Just to add another layer of refinement and correction to this palimpsest, the concept of mono no aware did not develop in the Heian Era or begin with the Tale of Genji, as is so often claimed, but was actually invented from scratch in the 1760s by Motoori Norinaga, a nationalist scholar of the kokugaku school who was attempting to distill a native, uniquely Japanese aesthetic that could be distinguished from Chinese cultural tropes.

Norinaga most famously applied his theory of mono no aware to the Tale of Genji, and indeed many textbooks now erroneously date the concept from that time, but Norinaga believed that the concept applied to all Japanese literature all the way back to the Kojiki, boldly making the blanket statement that, "all Japanese poetry is composed through knowledge of mono no aware."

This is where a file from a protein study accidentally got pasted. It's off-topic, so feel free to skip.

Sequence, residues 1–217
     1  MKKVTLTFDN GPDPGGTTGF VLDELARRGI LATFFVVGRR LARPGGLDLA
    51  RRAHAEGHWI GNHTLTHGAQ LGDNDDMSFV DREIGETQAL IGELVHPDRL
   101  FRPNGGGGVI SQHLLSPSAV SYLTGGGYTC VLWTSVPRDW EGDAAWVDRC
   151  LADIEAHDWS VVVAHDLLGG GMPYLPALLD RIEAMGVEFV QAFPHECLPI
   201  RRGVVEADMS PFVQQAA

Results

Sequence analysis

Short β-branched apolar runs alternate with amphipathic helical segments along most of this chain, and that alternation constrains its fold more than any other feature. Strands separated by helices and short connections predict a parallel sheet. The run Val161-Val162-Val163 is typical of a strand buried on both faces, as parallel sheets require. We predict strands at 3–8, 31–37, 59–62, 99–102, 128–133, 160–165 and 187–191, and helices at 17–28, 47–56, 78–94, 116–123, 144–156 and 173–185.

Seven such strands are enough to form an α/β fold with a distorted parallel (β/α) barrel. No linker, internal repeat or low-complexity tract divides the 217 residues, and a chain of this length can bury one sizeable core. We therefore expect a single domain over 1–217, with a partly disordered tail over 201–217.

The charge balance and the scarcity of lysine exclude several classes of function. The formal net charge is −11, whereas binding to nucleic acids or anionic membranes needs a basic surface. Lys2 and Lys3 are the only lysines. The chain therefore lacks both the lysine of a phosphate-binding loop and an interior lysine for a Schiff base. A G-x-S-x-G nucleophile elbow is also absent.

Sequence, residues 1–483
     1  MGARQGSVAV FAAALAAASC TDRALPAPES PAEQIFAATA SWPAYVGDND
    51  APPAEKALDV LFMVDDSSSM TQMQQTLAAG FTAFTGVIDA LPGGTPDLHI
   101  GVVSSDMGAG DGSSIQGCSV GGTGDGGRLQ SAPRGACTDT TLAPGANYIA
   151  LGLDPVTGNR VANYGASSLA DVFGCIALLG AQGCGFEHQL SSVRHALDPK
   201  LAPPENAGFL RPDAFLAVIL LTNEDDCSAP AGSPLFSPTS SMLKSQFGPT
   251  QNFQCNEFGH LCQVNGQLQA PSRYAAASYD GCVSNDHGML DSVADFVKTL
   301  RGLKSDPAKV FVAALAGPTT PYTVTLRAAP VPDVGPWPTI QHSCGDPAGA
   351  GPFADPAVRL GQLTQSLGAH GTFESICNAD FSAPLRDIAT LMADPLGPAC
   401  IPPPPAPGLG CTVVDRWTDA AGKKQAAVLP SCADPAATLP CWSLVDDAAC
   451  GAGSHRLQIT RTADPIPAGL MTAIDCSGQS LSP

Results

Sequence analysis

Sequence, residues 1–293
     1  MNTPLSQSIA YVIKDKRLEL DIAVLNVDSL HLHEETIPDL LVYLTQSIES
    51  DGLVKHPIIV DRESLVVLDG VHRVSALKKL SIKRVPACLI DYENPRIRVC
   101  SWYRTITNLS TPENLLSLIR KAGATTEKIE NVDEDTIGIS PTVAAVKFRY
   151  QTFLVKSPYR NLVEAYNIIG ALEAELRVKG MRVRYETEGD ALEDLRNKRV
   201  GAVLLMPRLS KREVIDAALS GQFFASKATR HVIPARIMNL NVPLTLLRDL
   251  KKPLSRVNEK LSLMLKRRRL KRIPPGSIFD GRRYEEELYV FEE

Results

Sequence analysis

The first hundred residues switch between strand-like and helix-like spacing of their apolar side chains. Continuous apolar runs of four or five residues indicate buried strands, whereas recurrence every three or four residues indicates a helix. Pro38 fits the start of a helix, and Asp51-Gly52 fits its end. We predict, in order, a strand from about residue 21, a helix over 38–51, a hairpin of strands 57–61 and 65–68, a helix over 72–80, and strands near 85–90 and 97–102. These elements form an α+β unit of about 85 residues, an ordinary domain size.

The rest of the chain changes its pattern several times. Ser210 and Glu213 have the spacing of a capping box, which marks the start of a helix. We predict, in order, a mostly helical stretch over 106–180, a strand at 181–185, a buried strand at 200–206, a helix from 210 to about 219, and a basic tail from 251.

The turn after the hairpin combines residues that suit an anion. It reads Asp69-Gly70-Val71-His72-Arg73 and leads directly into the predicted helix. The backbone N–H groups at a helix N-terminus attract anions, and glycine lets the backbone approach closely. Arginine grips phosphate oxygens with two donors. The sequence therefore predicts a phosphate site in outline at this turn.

Norinaga believed that the Japanese as a race had a singular capacity to experience the objective world in a direct fashion, to profoundly understand the objects and the natural world around them without having to resort to the mediation of language. Moreover, not only could the Japanese uniquely understand the world in this direct way, but their language was also uniquely suited to express this direct connection to the world.

On an interesting side note, although mono no aware is often also associated with cherry blossom viewing, there is no evidence that cherry trees were more important than any other trees in the Heian Era, and indeed, the Yoshino cherry tree that is so ubiquitous in modern Japan was not even invented by horticulturalists until the 1820s, more than 20 years after Norinaga's death. Before that, Japanese cherry trees could only be found high in the mountains, didn't have many blossoms, and viewing them required a special trip that only the wealthy could afford.